My goal is that Live Simply Natural be a resource to help you feel empowered when making food choices. I’m a big believer that eating a well-balanced diet is the best way to maintain good health. So I’m breaking down everything you need to know to unlocking the nutritional powerhouse of the most common whole food ingredients. Today I’m sharing one of my fall and winter time favorites – SWEET POTATOES!
Produce Guide: Sweet Potatoes
Related to neither the potato nor the yam, with which it’s often confused, the sweet potato is a starchy root vegetable native to the Americas. Sweet potatoes are typically found all year round but peek in the fall and winter months. The orange-fleshed variety popular in the United States is relatively rare in other parts of the world; in Asia, where the great majority of sweet potatoes are now grown, you are more likely to find slightly less sweet, white-fleshed types.
Sweet potatoes can vary widely in texture, color, and sugar content, from creamy to fluffy, deep orange to nearly white, with flavor profiles that bring to mind pumpkin, vanilla, and sometimes toasted nuts. Their natural sweetness makes them an obvious choice for desserts, such as sweet potato pie, but they’re equally good in savory preparations, whether simply roasted with a bit of salt, puréed into soup, or baked as a bake potato (which is my favorite).
Sweet potatoes are an excellent dietary addition for those with diabetes as they have been shown to help reduce and regulate blood sugar levels. These orange-fleshed root vegetables are especially high in beta-carotene, which is the pigment responsible for their characteristic vibrant orange flesh. Beta-carotene is a powerful antioxidant that can help promote healthy vision, improve respiratory health and even protect your skin. They also contain vitamin A & C which play a role in many aspects of health, but it is especially important in terms of immunity. They have a high concen-tration of carotenoids. Carotenoids, including the vitamin A precursor beta carotene, have been found to protect against carcinogens and preserve night vision. Sweet potatoes contain fiber, which aids in digestion and helps keep your gut healthy.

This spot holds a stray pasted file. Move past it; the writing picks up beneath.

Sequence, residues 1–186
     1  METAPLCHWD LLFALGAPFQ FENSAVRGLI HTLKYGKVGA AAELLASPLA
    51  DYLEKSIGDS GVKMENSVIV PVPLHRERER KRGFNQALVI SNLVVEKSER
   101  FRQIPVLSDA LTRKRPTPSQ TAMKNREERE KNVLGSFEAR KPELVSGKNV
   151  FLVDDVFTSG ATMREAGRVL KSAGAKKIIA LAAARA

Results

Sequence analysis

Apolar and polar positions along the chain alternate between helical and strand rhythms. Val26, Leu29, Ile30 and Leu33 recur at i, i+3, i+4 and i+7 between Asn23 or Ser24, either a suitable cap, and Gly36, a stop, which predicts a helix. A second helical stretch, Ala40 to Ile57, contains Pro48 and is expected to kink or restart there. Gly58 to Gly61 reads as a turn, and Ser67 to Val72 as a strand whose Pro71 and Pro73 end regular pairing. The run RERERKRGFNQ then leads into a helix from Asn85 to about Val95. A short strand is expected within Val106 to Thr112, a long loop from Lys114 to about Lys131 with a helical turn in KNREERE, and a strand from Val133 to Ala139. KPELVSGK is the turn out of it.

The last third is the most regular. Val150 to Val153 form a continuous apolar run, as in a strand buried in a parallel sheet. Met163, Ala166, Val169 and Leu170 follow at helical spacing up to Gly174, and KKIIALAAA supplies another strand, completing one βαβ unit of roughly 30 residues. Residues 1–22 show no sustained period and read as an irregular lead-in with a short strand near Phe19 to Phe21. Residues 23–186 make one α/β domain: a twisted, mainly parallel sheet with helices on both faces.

NUTRIENT BREAKDOWN OF CELERY
*per 2 cups of baked sweet potato, 100g (source)
- Fiber | 3.3 g (13% DV)
- Protein | 2.0 g (4% DV)
- Carbohydrates | 20.7 g (7% DV)
- Vitamin C | 19.6 mg (33% DV)
- Vitamin A | 19217 IU (384% DV)
- Vitamin B6 | 0.3 mg (14% DV)
- Thiamin | 0.1 mg (7% DV)
- Folate | 6 mg (1% DV)
- Magnesium | 12.1 mg (3% DV)
- Potassium | 475 g (14 % DV)
- Calcium | 48 mg (4 % DV)
- Iron | .2 mg (1% DV)
HOW TO BUY
When shopping for sweet potatoes you should always look for the same things: Select small to medium sweet potatoes that feel heavy for their size, and buy them shortly before you plan to use them. Avoid sprouted tubers and those that have been stored in refrigeration.
HOW TO STORE
If you don’t have immediate plans for your sweet potatoes, store them in a cool, dark place for up to a week to two weeks. Don’t refrigerate them; cold temperatures will negatively affect their flavor and cause them to toughen. If the temperature is too warm — above 60 F — they’ll sprout sooner or become woody. Once cooked, sweet potatoes can be stored for up to 1 week in the refrigerator.
HOW TO PREPARE
When preparing your sweet potatoes be sure to scrub them well under running water; you can peel them or leave the skin on, depending on your preference and cooking method. Keeping raw, cut pieces in water will help prevent discoloration.
When baking your sweet potatoes, preheat your oven to 400 F. Wash your sweet potato, then pierce it all over with the tines of a fork. Sprinkle with salt. Bake about 40 to 60 minutes, until softened to your liking.
SWEET POTATO RECIPES
Looking for more sweet potato recipes? Check out our favorites here!
WHAT’S YOUR FAV?
What ingredient do you guys want to learn more about? And if you have a favorite way to eat sweet potatoes, tag @livesimplynatural or #livesimplynatural so the LSN community can get inspired by your dish too :)